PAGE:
Travel in Italy by train
The Italian rail system is operated by TRENITALIA http://trenitalia.com.
The rail network is adequately developed and widespread, especially between major urban centers and tourist areas. The fastest trains operate on the networks between the major cities while the regional trains are fairly slow and in bad conditions. You will find that rail travel in Italy is cheap and efficient.
A NO SMOKING POLICY APPLIES ON ALL TRAINS IN ITALY
ETR: (also known as Eurostar) – very fast trains stopping only at major cities –
1st and 2nd class – supplement payable – booking compulsory – ETR 450, ETR 460/480, ETR 500 and ETR1000 used on very high speed tracks from Torino to Milano – Bologna- Firenze – Roma – Naples and Salerno. Also on the Venice to Milano and Venice to Rome.
INTERCITY: Fast trains stopping at major cities – 1st and 2nd class – supplement payable – booking recommended.
INTER-REGIONALI: Good trains stopping at many cities – 1st and 2nd class.
REGIONALI: Local trains stopping virtually at every city within the same Region. Normally 2nd class only.
SLEEPER trains operate between major Italian cities and to foreign countries.
Please be aware that once you have purchased the ticket, you must stamp it before boarding the train at the special yellow machines that can be found all along the platforms. Failure to do so will result in a fine.
Application for refund of unused tickets must be submitted at the office where the tickets were purchased within one year of issue. All unused tickets must be stamped “unused” by an official of the European Rail Roads. All refunds are subject to a 15% cancellation charge plus administration fees.
Note: Rates are subject to change without notice.
Courtesy of Enit UK
Lombardia in Cucina: The Flavours of Lombardy
Milan-style risotto, pizzoccheri Valtellinesi, and pumpkin tortelli to start; casoeula, Milan-style cutlets, frogs stewed in tomato to follow, and to send, a slice of sbrisolona cake or panettone.
Lombardy surprises with the richness of its culinary traditions and natural ingredients, which modernity has barely affected.
"Milano in Cucina" captures this kaleidoscope of flavours, with contributions from some of the most celebrated chefs on the culinary scene, who pay homage to their territory, and whose skill is able to present a modern vision in keeping with the region's progressive spirit.
The Italian Academy of Cuisine
La Cucina: The Regional Cooking of Italy
Fifty years ago, a group of Italian scholars gathered to discuss a problem: how to preserve traditional Italian cooking. They formed the Italian Academy of Cuisine to document classic recipes from every region. The academy’s more than seven thousand associates spread out to villages everywhere, interviewing grandmothers and farmers at their stoves, transcribing their recipes—many of which had never been documented before. This is the culmination of that research, an astounding feat—2,000 recipes that represent the patrimony of Italian country cooking. Each recipe is labeled with its region of origin, and it’s not just the ingredients but also the techniques that change with the geography. Sprinkled throughout are historical recipes that provide fascinating views into the folk culture of the past. There are no fancy flourishes here, and no shortcuts; this is true salt-of-the-earth cooking. The book is an excellent everyday source for easily achievable recipes, with such simple dishes as White Bean and Escarole Soup, Polenta with Tomato Sauce, and Chicken with Lemon and Capers. For ease of use there are four different indexes. La Cucina is an essential reference for every cook’s library.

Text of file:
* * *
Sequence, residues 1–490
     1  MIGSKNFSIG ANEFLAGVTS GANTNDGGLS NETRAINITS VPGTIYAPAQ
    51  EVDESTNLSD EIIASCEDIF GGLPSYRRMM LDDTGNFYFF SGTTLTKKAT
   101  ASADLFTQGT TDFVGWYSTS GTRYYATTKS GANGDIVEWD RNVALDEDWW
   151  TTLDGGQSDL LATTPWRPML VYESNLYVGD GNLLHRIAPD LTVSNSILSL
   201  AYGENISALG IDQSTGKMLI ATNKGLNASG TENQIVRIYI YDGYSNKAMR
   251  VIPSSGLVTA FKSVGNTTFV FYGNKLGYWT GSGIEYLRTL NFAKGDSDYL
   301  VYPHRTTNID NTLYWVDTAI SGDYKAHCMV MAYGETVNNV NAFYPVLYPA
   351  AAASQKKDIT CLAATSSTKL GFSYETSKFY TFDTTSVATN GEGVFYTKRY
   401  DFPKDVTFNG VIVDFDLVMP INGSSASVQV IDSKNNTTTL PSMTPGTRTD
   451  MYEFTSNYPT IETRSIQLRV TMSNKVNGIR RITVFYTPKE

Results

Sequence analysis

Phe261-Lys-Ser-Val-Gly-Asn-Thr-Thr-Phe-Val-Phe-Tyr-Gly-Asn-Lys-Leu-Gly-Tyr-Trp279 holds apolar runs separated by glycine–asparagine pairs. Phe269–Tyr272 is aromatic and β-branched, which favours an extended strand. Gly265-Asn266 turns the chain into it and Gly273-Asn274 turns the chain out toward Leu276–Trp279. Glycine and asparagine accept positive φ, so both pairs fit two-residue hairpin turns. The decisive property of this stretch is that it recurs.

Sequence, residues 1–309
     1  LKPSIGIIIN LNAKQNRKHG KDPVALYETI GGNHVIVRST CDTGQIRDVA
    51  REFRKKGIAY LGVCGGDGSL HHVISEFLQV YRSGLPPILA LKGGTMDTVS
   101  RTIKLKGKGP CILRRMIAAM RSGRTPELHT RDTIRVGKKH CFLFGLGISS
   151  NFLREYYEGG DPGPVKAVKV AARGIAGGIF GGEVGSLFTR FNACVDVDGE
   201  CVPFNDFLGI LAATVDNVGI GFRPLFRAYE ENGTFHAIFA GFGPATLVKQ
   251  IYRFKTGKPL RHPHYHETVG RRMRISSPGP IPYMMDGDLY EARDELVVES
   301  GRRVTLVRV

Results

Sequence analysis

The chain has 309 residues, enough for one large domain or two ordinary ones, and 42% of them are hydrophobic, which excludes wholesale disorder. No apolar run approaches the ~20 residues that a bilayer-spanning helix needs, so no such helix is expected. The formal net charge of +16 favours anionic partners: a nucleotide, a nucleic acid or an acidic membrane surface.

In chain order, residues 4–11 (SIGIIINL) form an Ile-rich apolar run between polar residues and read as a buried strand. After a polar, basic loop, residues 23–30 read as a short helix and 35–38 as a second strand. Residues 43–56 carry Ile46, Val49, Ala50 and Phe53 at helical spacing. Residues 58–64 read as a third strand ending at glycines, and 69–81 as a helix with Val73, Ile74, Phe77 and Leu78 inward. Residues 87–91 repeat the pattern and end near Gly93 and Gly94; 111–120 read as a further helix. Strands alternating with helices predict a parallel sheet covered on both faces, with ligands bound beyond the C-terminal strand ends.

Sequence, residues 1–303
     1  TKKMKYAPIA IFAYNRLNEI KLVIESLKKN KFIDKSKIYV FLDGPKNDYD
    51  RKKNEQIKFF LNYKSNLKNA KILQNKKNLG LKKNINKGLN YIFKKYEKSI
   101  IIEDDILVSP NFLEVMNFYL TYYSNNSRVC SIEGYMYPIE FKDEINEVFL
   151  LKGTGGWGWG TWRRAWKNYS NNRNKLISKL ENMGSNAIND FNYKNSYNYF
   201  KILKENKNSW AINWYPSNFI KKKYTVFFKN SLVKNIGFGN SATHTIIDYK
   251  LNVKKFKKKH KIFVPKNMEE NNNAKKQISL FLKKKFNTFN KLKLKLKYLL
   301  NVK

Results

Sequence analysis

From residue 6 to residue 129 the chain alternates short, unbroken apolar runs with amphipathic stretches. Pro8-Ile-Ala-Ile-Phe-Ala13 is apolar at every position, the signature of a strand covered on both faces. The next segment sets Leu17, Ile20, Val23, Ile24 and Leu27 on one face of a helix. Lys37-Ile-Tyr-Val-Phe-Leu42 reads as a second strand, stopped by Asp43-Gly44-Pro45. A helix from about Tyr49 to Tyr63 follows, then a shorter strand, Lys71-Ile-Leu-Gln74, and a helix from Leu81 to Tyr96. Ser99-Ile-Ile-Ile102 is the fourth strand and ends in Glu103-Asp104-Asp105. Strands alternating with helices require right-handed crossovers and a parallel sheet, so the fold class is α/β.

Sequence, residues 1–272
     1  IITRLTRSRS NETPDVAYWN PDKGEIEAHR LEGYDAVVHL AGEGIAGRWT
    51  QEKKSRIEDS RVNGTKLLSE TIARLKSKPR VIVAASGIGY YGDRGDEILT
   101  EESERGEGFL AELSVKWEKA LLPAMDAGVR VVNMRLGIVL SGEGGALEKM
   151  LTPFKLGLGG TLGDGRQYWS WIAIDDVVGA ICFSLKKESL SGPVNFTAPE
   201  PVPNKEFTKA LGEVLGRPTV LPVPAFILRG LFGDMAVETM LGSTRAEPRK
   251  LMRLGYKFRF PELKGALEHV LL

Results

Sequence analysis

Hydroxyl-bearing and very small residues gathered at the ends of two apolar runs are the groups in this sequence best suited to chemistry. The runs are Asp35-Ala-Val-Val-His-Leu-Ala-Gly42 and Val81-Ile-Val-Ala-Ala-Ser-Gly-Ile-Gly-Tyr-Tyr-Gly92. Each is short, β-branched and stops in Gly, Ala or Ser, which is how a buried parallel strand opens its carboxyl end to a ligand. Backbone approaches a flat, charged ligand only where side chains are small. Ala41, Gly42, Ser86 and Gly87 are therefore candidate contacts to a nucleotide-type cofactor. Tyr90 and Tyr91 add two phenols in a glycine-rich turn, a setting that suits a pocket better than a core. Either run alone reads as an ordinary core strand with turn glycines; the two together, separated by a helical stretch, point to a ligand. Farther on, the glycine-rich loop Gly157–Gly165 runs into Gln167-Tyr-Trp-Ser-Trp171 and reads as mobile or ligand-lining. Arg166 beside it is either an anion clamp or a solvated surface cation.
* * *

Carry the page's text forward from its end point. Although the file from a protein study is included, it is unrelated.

Milano in Cucina: The Flavours of Milan
The famous Risotto Alla Milanese gets its golden hue from the precious spice saffron. Legend has it that the dish came about when a Milanese painter decided to gild the risotto served at his wedding banquet with a harmless gold-colored dye. In Milan, they traditionally serve Risotto Alla Milanese with ossobuco (braised veal shank).
Traditionally made with raisins and candied citron, or with a creamy cream filling, the light, fluffy brioche-like bread called panettone may be tall or short, covered with chocolate or flavored with various liquors, but it’s always a symbol of the Christmas season.
With its hallmark domed shape, panettone graced Christmas tables in Milan since at least the 15th-century. Common knowledge claims its invention is from Milan. It is the most famous Christmas Lombardia food.
The Pax side of the Moon featuring Cesareo
Lombardia (Dicon tutti che sei mia) Quarantine Version - feat. Cesareo (Quarantine Version)